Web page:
Tuesday 9 August 2011

Riots in London, or #LondonRiots

Last night, some people tweeted me whether I was ok - apparently there was rioting going on in London. I told them that I was fine and way, way removed from the violence in what I thought was only London Proper (I'm living in a commuter city just outside) and that, besides, my city is so sleepy and frankly rich - I call it "pork belly town" in my less charitable moments - there would be no rioting.

Chuckling a little to myself about the over-cautious, but very sweet attitude from my friends, I stood at the train station, grabbing my coffee and breakfast, when a visibly tired guy with tattoos on his arms - think type firefighter/battle-hardened copper - ordered TWO large coffees for himself, saying "what a night".

Curious as I am, I asked him what had gone on, and he said "The riots. They trashed the High Street." (To my US friends, "the High Street" is the quivalent of the "Main Street" - basically the main shopping street).

So, yeah, the riots happened in my city, too. I'm about ten minutes' drive away from the area, in a sleepy, very suburban area with terraced houses, which all look exactly the same. There's protection in uniformity, I guess.

So, looking at the news reports, I'm not surprised. Croydon and Lewisham - where the violence started and then washed into "my city" are deprived areas. I feel unbelievably queasy in both cities, and that lingering feeling of discontent and... coarseness, for want of a better word, has kept me away from the area ever since. The joke is that the only reason to go to Croydon - origin of trashy fake blondes and a weird, coke-snorting supermodel - is the IKEA store.

Lewisham has an excellent Indian restaurant, but the restaurant is in an area so ugly and down-and-out that basically, you want to go there in a largish group, ideally all male, and get the hell out of the area when it gets dark.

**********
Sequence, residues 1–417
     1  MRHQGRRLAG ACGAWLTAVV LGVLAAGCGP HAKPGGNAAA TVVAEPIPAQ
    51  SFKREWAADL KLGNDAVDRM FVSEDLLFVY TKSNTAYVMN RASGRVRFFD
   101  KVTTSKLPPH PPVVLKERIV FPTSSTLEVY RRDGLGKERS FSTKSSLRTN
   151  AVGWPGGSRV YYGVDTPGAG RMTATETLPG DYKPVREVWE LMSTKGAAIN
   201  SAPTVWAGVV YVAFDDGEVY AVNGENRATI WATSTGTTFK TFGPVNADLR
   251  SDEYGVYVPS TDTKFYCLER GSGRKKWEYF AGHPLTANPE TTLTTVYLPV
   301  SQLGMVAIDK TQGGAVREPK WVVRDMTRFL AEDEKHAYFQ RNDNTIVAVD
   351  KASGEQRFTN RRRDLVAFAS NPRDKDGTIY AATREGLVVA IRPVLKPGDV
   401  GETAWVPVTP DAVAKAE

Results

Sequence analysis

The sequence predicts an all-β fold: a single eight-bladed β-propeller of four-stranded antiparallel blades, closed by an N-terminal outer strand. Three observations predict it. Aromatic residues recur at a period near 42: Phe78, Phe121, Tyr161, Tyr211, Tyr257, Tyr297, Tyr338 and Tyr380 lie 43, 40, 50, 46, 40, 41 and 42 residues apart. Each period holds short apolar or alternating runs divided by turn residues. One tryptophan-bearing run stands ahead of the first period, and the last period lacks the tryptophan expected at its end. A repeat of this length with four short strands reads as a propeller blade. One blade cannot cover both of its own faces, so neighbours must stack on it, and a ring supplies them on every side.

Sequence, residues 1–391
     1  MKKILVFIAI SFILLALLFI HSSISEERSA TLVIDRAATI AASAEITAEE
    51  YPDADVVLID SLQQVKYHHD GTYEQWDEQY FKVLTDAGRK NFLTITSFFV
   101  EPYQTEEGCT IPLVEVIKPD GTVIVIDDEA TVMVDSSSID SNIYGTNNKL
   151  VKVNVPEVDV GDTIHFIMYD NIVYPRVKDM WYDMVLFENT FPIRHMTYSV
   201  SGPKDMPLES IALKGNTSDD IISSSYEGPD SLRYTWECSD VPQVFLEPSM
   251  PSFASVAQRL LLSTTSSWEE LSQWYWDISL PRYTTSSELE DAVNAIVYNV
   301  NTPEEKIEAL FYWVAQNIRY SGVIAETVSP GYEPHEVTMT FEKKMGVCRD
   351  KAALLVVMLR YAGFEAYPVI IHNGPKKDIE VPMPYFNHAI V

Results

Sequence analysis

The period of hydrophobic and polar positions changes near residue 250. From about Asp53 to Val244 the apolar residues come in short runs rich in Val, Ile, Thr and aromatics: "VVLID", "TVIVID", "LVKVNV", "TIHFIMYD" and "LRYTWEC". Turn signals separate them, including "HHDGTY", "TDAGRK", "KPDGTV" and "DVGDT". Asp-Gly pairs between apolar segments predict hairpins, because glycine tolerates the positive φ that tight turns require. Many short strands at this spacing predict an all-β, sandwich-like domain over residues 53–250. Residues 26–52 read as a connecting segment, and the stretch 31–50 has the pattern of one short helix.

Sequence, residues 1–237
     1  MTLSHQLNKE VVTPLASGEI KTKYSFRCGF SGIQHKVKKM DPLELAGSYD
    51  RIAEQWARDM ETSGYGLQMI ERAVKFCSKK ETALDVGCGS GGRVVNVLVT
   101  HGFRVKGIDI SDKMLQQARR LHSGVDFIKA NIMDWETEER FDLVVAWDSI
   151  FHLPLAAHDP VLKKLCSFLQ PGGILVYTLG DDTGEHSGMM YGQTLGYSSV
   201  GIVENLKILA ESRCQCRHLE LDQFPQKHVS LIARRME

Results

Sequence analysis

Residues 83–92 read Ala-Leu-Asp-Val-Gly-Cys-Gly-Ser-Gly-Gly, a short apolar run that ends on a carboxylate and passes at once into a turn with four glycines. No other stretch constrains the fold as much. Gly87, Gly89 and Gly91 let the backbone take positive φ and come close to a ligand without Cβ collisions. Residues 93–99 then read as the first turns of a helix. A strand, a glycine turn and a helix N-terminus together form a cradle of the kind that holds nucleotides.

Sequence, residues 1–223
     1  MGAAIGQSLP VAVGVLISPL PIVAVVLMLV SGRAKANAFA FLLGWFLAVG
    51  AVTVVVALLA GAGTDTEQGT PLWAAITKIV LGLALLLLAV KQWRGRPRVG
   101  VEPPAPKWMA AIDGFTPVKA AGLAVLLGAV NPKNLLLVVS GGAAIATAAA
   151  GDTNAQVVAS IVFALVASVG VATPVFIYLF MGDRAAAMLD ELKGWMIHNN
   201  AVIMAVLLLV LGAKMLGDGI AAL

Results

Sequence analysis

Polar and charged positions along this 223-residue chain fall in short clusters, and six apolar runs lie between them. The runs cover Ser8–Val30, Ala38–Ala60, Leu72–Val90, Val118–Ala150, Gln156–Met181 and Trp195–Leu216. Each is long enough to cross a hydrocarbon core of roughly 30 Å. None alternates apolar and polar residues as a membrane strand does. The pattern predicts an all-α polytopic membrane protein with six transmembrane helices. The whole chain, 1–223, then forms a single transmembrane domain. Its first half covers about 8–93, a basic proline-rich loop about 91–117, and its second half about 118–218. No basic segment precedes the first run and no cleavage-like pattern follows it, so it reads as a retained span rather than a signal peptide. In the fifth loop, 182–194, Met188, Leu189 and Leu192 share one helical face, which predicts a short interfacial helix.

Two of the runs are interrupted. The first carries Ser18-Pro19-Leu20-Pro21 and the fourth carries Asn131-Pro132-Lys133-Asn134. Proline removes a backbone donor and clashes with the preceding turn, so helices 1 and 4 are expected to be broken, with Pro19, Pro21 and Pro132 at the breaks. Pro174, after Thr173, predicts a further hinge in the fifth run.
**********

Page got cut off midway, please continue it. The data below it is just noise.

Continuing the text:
Now, I've lived in a socially deprived area. For 27 years of my life, I've lived in social, government-subsidised housing, but not once have I felt threatened there. I don't feel threatened even now - I have a very good sense of location and can usually tell well in advance if there's a threat anywhere. I'm good at judging moods. Both Lewisham and Croydon give me the creeps in a "I don't want to be here" kind of way.

My sensibilities are very much middle-class - but I'm a "kid made good" story. I come from those areas. I got educated, I worked hard, I left my "social class" and became very much middle-of-the-road middle class, with a little house and a little garden and a little pension, and a little business, and little aspirations to just get "more" of all the good stuff I have and generally be a nice, upstanding member of society. On the other hand, I do understand that same anger. If my life hadn't worked out, I could be there, throwing stones and torching police cars.

Britain has some huge social issues going on - the mobs of violent youths roaming the streets at night can only be understood if you've read Clockwork Orange. Youth violence is something Britain has just got used to, and it's frankly scary. I *like* staying a home, writing, but if I didn't, I'd stay home because the streets aren't safe, they don't feel safe, and I just dislike drunken people throwing bottles and shouting obscenities, only interrupted by them vomiting their cheap beer everywhere.

There are things I miss about Germany.


  1. Glad to know you're okay. I was also thinking of you last night when I heard the news. Be safe!